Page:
The under 16's would, I am led to understand, not have to be reported even if a scheme exists, as long as they would not have any liability (as I read someone post elsewhere recently, we all have to pay tax from the day we're born to the day we die, and often beyond). 

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Replying to SteveRA:
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By LloydLedger
08th Mar 2013 14:36

If no PAYE Scheme then what implications for Personal Tax return

Thanks Matt - following on from needing no PAYE scheme - what would they give as a PAYE Ref on their SA100? Surely it can't be left blank? :-/

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By shoshana
06th Mar 2013 13:04

Late filing and inaccuracy penalties

Draft legislation was issued on 11 December covering these penalties.

Late filing penalties will start from 2014/2015 tax year.

Inaccuracy penalties will operate in the same way as for all other taxes (careless, deliberate etc) and start from 6 April this year.

Late payment penalties from 2013/14 will not be cumulatively assessed as they are now. First late payment will not be a default. The next 3 defaults in the year would have a penalty of 1% each, the following 3 would have a penalty of 2% each, then 3% for the following 3, then 4% for the next 2. This means HMRC can assess penalties each month and do not have to wait until the end of the tax year - it also means smaller penalties going forward.

More details at http://www.hmrc.gov.uk/budget-updates/11dec12/tax-administration.pdf

HTH

Malcolm

Malcolm Greenbaum

Director, Greenbaum Training and Consultancy Limited

IFRS, US GAAP, UK GAAP, UK Tax and VAT

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Rebecca Benneyworth profile image
By Rebecca Benneyworth
06th Mar 2013 19:18

late payment penalties

I checked with HMRC regarding the switch from old late payment penalty (raised after the end of the year) to the new late payment penalty (which will be in FB 2013) and how that would work. I was advised that the old system will apply throughout 2013/14 and the new ones will kick off in April 2014. This is a pity as you coprrectly say that the penalties will reduce under the amended regulations.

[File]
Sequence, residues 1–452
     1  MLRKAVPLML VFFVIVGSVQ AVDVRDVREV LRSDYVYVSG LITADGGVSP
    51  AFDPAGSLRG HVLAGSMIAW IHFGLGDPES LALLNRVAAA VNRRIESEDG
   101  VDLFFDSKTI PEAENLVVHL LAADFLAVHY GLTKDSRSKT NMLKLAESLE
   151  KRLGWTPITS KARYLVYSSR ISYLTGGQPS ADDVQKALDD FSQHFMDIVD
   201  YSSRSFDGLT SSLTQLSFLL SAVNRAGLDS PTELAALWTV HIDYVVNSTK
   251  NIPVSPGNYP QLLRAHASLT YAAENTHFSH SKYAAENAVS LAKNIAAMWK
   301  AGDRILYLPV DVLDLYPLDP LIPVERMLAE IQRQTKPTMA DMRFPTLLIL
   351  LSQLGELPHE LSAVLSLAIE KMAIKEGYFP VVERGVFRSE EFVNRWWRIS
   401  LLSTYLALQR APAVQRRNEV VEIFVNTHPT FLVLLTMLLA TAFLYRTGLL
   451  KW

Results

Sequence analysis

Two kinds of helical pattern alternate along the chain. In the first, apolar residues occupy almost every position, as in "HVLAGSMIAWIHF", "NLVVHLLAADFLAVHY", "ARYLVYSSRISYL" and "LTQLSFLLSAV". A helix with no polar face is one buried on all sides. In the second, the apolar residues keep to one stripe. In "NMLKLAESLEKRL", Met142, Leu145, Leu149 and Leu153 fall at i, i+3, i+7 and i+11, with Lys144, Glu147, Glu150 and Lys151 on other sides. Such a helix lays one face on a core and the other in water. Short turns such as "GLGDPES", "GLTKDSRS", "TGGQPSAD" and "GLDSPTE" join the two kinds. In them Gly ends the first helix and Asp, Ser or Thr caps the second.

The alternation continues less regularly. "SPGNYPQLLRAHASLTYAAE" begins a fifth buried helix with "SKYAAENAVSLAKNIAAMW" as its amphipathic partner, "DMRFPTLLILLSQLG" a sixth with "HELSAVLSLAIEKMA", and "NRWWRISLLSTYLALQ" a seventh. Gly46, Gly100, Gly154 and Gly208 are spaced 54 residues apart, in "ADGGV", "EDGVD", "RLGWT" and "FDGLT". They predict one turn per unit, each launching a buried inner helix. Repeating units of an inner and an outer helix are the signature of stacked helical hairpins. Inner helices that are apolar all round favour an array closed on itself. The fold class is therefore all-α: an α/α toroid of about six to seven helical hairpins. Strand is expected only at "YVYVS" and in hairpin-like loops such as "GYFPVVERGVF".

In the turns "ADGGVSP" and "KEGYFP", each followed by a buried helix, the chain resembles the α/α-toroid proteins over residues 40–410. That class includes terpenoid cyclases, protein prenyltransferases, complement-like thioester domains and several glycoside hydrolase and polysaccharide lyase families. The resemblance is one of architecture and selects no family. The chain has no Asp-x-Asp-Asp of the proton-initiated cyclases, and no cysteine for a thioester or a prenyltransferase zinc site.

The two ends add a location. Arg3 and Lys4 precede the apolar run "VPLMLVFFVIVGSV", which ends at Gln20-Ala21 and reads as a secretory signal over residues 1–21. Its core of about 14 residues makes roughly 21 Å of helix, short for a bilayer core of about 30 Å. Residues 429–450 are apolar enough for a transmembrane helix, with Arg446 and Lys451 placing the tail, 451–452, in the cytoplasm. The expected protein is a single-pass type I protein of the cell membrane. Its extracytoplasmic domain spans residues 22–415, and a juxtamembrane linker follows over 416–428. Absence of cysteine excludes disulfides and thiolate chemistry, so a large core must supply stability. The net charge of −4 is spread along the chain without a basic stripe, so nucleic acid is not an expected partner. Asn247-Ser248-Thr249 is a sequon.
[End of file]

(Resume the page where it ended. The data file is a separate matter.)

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Rebecca Benneyworth profile image
By Rebecca Benneyworth
06th Mar 2013 19:22

Nobody answered 5

When you come to pay the staff, surely you then know what hours you are paying for? Assuming they are paid an hourly rate. So your software needs to capture this number of hours so that the hours worked flag can be correctly set each week. It is fully recognised that this will vary from week to week for some employees, - and that bthis may affect their benefit entitlement. But you need to report the correct band of hours, and no you can't use "other" - this is reserved for pensioners.

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Replying to Cheshire:
Tom McClelland
By TomMcClelland
06th Mar 2013 23:05

...

 

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Replying to MGD:
Euan's picture
By Euan MacLennan
08th Mar 2013 11:57

You have to enter something

janefg wrote:

I was informed by my software supplier (IRIS) that I only needed to put in the hours worked for those staff who are claiming benefits.  Is this correct?

I believe that it is a mandatory field (for UC purposes), so you have to enter something.  You have a choice of four bands - <16, 16-30, 30+ or Other.

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Replying to MGD:
Tom McClelland
By TomMcClelland
08th Mar 2013 12:16

Working hours.... wont work?

Euan MacLennan wrote:

janefg wrote:

I was informed by my software supplier (IRIS) that I only needed to put in the hours worked for those staff who are claiming benefits.  Is this correct?

I believe that it is a mandatory field (for UC purposes), so you have to enter something.  You have a choice of four bands - <16, 16-30, 30+ or Other.

The software must supply an answer, but maybe Iris is filling in a default answer if the operator doesn't enter a banding. One solution would be to derive an answer from actual hours recorded in the software and file "other" if none are supplied. But quite how Iris would think that an employer (or bureau) is supposed to identify whether or not their employees are claiming benefits and just supply a "proper" answer for them, I have no idea.